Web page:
Next Stop: Iran?
Monday, January 15 PRI: "Open Source"
Introduction, from the "Open Source" website
When we saw President Bush’s surge speech last week, we heard his acknowledgement that the situation had worsened in 2006. And that he was taking responsibility. And that, as had been leaked for the last week or more, an increase of 21,000 troops, mainly in Baghdad, was the only way to make the bloody situation better. But when a number of veteran Middle East policy heads saw the same speech, they heard three words: Iran, Iran, and Iran.
Succeeding in Iraq also requires defending its territorial integrity and stabilizing the region in the face of extremist challenge. This begins with addressing Iran and Syria. These two regimes are allowing terrorists and insurgents to use their territory to move in and out of Iraq. Iran is providing material support for attacks on American troops. We will disrupt the attacks on our forces. We will interrupt the flow of support from Iran and Syria. And we will seek out and destroy the networks providing advanced weaponry and training to our enemies in Iraq. President George W. Bush, January 10, 2007
This wasn’t just rhetoric, of course. The next morning, as if on cue, US forces detained five Iranians at their consular office in Northern Iraq.
And as for the larger strategic moves, Bush had this to say:
We are also taking other steps to bolster the security of Iraq and protect American interests in the Middle East. I recently ordered the deployment of an additional carrier strike group to the region. We will expand intelligence sharing and deploy Patriot air defense systems to reassure our friends and allies. We will work with the governments of Turkey and Iraq to help them resolve problems along their border. And we will work with others to prevent Iran from gaining nuclear weapons and dominating the region. President George W. Bush, January 10, 2007
And now the New York Times is arguing that even the selection of Navy Admiral William J. Fallon as the new commander of CentCom is itself evidence of gunboat diplomacy. Is this more than sabre- (or carrier-) rattling? How did the speech go down in Tehran? What’s their next move? What’s ours?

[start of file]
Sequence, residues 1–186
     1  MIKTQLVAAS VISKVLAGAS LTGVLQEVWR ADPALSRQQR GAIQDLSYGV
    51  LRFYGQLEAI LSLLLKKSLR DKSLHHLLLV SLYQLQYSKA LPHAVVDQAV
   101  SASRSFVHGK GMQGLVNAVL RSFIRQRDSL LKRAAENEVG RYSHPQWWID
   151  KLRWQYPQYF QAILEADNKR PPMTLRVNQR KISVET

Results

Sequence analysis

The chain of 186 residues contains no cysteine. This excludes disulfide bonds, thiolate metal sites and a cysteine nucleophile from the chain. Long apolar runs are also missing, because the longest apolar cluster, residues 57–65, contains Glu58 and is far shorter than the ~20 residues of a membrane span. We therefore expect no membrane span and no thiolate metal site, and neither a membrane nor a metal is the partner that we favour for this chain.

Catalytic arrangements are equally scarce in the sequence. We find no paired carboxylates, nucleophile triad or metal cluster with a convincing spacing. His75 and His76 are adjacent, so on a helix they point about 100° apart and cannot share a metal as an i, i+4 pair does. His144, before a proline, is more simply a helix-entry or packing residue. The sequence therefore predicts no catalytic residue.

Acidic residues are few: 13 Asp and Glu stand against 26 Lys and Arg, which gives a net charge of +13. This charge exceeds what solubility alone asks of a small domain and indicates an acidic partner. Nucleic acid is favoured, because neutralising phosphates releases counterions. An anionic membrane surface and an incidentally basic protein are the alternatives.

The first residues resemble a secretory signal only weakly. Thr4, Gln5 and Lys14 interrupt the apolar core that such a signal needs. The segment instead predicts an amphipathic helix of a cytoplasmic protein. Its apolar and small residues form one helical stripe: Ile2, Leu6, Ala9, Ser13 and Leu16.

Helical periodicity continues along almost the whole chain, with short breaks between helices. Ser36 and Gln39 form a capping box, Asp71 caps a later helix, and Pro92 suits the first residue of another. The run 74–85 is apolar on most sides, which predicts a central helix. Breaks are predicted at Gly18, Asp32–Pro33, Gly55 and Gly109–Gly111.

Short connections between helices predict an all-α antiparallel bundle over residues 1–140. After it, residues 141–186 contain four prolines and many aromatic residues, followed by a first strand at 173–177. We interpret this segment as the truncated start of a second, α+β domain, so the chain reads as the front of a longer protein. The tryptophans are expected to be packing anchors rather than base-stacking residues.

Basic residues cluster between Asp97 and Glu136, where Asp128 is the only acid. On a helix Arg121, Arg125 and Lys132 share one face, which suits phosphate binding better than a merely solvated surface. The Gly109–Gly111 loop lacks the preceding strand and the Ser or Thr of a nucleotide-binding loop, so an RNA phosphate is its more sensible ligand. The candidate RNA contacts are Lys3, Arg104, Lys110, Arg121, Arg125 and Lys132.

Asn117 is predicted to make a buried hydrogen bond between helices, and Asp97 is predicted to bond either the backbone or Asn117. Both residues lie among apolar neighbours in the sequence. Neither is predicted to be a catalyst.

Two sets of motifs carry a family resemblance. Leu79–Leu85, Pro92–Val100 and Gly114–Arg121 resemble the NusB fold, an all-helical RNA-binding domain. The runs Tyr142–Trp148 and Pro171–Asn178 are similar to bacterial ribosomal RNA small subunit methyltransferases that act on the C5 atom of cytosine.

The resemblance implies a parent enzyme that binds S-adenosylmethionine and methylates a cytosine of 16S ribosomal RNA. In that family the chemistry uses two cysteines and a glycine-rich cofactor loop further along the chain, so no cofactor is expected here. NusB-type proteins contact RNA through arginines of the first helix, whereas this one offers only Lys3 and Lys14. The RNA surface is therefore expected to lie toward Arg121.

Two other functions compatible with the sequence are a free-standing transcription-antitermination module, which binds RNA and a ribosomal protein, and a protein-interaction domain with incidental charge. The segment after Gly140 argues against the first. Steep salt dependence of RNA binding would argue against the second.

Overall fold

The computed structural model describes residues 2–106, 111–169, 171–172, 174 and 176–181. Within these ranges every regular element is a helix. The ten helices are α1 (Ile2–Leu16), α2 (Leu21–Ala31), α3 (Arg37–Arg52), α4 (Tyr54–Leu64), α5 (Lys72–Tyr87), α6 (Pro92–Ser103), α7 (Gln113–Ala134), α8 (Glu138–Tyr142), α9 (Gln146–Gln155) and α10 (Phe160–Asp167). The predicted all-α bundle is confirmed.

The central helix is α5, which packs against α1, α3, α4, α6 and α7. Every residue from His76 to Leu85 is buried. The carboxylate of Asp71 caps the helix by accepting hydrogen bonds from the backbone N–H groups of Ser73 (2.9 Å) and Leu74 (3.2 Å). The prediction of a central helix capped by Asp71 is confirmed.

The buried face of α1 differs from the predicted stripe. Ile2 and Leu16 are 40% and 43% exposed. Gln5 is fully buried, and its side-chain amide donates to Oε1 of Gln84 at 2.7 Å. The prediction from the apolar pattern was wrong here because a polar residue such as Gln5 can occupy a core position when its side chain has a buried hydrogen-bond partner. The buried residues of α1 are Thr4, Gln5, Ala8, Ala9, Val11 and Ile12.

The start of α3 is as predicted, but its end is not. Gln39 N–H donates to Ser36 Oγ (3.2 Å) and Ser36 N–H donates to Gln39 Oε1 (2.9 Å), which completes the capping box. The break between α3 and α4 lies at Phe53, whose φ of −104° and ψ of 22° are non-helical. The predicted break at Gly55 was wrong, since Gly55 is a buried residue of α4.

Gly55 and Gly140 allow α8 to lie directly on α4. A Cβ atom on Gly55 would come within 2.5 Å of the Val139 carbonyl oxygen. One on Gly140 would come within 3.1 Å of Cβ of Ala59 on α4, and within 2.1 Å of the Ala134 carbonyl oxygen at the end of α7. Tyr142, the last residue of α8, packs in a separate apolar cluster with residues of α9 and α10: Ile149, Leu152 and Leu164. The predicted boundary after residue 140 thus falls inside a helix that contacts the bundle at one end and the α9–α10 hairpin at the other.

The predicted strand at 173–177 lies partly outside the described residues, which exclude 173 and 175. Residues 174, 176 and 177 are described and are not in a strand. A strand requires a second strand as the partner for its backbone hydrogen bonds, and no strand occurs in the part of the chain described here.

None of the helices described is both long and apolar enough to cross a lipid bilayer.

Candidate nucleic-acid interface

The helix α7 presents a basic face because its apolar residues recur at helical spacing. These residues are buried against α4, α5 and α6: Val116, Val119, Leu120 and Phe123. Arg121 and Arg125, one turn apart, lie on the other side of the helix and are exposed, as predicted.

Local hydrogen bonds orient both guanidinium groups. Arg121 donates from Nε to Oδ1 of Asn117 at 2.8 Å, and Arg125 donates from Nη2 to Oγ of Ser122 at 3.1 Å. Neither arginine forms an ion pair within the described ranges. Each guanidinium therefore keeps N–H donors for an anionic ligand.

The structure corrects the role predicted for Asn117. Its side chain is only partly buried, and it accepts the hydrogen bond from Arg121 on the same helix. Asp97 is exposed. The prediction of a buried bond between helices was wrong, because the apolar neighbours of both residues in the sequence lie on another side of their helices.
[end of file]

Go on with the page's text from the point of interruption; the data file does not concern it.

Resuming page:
Flynt Leverett,Senior Fellow and Director of the Geopolitics of Energy Initiative, New America Foundation; Author, “Dealing with Tehran: Assessing U.S. Diplomatic Options Toward Iran” for The Century Foundation
Barry Posen, Professor of Political Science, MIT; Author, “A Nuclear-Armed Iran: A Difficult But Not Impossible Policy Problem” for The Century Foundation
Farideh Farhi, Iranian, Professor of Political Science, University of Hawaii at Manoa
Host: Chris Lydon
Chris Lydon: The lead into President Bush's "surge" speech on TV last Wednesday night had to do with sending 21,500 more GI's to Iraq. And the half-confession that mistakes were made -- and the president's responsible. And some pretty stiff resistance in Congress and the country against escalating a war which has been going badly now for more than three years. Those have been the American headlines, but they're not what the Middle East heard, nor what the professional readers picked up. To their ears, the key curls of news and policy in that "Iraq" speech had to do with Iran. Next door the meddlesome mullahs' regime, easily pictured of the default winner in Iraq and a candidate now for diplomatic attention. But in the president's rhetoric, and in the posting of patriot missiles and a carrier strike group to the Persian Gulf, Iran looks like the target in a war getting wider and hotter just when the people said "cool it down!" The Iran tack in the Iraq war is what we'll be discussing today... The day after the speech, like clockwork, the US forces detained five Iranian officials inside Iraq, and there's another carrier strike group steaming toward Iran. Is it bluff? Is it bluster? Is it a distraction? Or a rough kind of courtship with Iran which James Baker's Study Group said we should be engaging? How close to the brink do you think we are, and how did we get there? I'd like each of our guests to take a crack at the urgent question: how did this rather belligerent poke at Iran get into the president's speech on Iraq? and does it foretell a wider war.